A true lifelong learner

Posted on Dec 3, 2018
At age 80, Lois Gunderson joined social work students on a trip to Germany to learn about refugee resettlement.

On an airplane headed back to Minnesota from Germany, Lois Gunderson carefully opened a gift that she said she will treasure forever. While her fellow students and travel companions peered over the seatbacks, her eyes filled with tears and a big smile spread across her face as she began to read the words in the book they had written for her.
Lois Gunderson reads the book the students gave her.

“You tell us all the time how proud you are of us, but I would like to share how proud we are of you. We’re proud of your endurance, and for sticking with us on our outings. We’re proud of you for what you’ve learned, shared and taught us. We’re proud of you for always keeping us laughing. You were a delight and I will miss you. Thank you for coming along.” – Jade Turner, UWS

Seventeen messages were penned – one from each fellow student telling her how special she was to them and how thankful they were that she went on the trip to Germany to learn about the refugee crisis there.Lois was one of 17 social work students from UW-Superior, the University of Minnesota-Duluth, and The College of St. Scholastica who travelled together to Germany to learn about immigrant integration projects in Germany. Like all of the other students, she went to learn and bring back knowledge and experiences so she could be a compassionate and informed voice in the place she calls home. However, one thing set Lois apart from the rest of the group – her age. Lois is 80 years old.

“I was never able to go to college,” she said. “I married young and had five children to care for, so it just wasn’t possible. But, in 1984 I took a job doing survey work for the National Opinion Research Center and travelled all over the country. I met people from all walks of life and for some reason, they seemed to sense they could trust me and that I was safe. I really developed a love for people during that time.”

Lois has shared that love of people with many over the course of her lifetime, including the 20 students on the trip.

“Not everything we saw and experienced on the trip was easy, but Lois always found a way to bring us back to happiness and smiling, even when she wasn’t trying,” said Angela Johnson, UWS social work major. “The trip just wouldn’t have been the same without her.”

The group visited a refugee camp in Germany where they were able to talk to refugee families and hear their stories. They heard stories of how people had taken great risks and endured unthinkable hardship to escape oppression and seek a better life.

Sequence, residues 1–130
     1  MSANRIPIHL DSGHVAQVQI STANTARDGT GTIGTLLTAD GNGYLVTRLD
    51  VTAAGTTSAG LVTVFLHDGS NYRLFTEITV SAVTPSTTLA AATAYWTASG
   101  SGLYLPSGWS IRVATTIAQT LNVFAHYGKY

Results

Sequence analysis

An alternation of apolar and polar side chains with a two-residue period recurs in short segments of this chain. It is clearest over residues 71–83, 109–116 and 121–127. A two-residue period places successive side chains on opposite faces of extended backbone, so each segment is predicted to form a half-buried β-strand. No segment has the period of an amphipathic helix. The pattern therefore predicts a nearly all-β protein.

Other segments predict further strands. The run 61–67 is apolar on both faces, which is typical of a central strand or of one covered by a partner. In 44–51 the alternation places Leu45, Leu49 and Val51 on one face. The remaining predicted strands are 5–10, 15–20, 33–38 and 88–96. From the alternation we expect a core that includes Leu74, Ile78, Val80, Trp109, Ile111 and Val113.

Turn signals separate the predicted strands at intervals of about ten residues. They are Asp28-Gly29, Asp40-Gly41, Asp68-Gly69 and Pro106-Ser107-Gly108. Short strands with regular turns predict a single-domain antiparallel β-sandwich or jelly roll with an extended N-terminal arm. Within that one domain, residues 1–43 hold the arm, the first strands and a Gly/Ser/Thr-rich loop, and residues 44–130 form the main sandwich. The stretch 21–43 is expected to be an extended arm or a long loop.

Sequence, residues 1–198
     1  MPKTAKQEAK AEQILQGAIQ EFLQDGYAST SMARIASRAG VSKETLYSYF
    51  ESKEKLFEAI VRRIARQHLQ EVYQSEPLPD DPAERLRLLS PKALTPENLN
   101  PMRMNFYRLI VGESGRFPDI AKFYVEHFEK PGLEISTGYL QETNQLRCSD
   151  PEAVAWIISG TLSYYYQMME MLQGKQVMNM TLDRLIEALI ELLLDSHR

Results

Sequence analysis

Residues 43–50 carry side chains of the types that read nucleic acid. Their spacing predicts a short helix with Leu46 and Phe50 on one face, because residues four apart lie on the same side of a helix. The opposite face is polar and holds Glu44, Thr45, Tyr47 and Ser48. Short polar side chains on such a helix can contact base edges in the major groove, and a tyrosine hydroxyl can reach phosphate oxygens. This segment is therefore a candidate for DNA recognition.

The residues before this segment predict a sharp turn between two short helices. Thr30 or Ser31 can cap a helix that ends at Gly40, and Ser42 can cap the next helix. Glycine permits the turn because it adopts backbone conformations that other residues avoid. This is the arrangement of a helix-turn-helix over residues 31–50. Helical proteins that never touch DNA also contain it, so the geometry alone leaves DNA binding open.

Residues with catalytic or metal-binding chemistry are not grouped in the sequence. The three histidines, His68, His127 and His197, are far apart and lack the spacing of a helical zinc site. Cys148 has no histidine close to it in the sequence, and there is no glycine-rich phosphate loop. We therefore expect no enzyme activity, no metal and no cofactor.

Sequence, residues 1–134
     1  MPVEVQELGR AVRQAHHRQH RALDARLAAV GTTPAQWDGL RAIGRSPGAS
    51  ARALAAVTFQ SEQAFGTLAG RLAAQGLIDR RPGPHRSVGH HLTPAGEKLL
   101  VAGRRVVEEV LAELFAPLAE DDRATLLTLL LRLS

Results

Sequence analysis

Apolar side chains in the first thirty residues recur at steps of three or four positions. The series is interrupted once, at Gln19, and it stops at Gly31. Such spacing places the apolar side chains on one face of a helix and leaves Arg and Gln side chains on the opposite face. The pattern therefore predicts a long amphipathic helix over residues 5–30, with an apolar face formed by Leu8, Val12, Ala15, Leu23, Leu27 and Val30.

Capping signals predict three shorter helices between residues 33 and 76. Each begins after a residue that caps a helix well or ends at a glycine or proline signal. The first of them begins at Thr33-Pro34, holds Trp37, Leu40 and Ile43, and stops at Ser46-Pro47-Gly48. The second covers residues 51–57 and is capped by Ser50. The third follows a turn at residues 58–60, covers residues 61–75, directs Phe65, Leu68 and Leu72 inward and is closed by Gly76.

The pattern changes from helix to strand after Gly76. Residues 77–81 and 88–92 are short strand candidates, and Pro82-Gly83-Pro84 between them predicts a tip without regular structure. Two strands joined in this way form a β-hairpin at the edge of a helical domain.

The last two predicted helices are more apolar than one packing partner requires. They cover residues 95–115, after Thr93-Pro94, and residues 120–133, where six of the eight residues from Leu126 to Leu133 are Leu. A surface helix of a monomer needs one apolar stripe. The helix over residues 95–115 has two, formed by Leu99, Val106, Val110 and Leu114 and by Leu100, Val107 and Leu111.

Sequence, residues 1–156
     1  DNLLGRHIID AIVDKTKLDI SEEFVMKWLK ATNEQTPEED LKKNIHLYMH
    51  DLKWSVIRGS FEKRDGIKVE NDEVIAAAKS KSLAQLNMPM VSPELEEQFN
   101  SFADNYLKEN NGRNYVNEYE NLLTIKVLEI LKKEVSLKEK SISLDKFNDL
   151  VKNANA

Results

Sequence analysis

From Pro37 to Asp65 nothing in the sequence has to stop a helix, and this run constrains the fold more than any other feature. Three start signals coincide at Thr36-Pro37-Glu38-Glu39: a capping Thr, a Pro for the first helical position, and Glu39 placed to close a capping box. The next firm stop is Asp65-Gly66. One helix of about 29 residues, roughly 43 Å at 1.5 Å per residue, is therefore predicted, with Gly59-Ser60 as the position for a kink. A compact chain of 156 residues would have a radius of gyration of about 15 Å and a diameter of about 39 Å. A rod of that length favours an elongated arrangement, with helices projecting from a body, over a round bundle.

“Our whole trip was really about crossing borders and building relationships and I think students really learned from Lois’ example,” said Lynn Goerdt, UWS social work professor. “She was just so warm and open that the people we met really responded to her. One young newly arrived girl came up to Lois and gave her a big hug. She seemed to sense that Lois genuinely cared about her. It was such a beautiful display of compassion and humanity.”

“That’s just what I’ve done my whole life,” Lois said matter-of-factly. “I try to take care of people. It’s not hard. It’s really so simple. You just kneel down, take their hand and look them in the eyes and sometimes that’s all that’s needed – someone to listen and to care.”

Goerdt recalled the final evening they spent in Germany when they found a grassy spot in a park to sit down as a group and share reflections on the trip. “It was really a magical evening at the end of an amazing journey and I’ll never forget how one-by-one, the students talked about how thankful they were that Lois had come on the trip and how it enriched their learning experience. She is a big part of what made this trip so special.”

News Contact: Sarah Libbon | 715-394-8516 | slibbon{atuws}
A true lifelong learner
Posted on Dec 3, 2018
At age 80, Lois Gunderson joined social work students on a trip to Germany to learn about refugee resettlement.
Students on the social work trip to Germany said Lois Gunderson's presence enriched their learning experience and made the trip extra special.

Students on the social work trip to Germany said Lois Gunderson's presence enriched their learning experience and made the trip extra special.

Seniors interested in taking courses at UWS have many opportunities. Wisconsin residents age 60 or older may audit classes – take them for no credit – without paying tuition, and seniors who wish to take courses for credit pay a percentage of the tuition rate based on residency. Continuing Education also offers educational programming to meet the needs of lifelong learners in northwestern Wisconsin.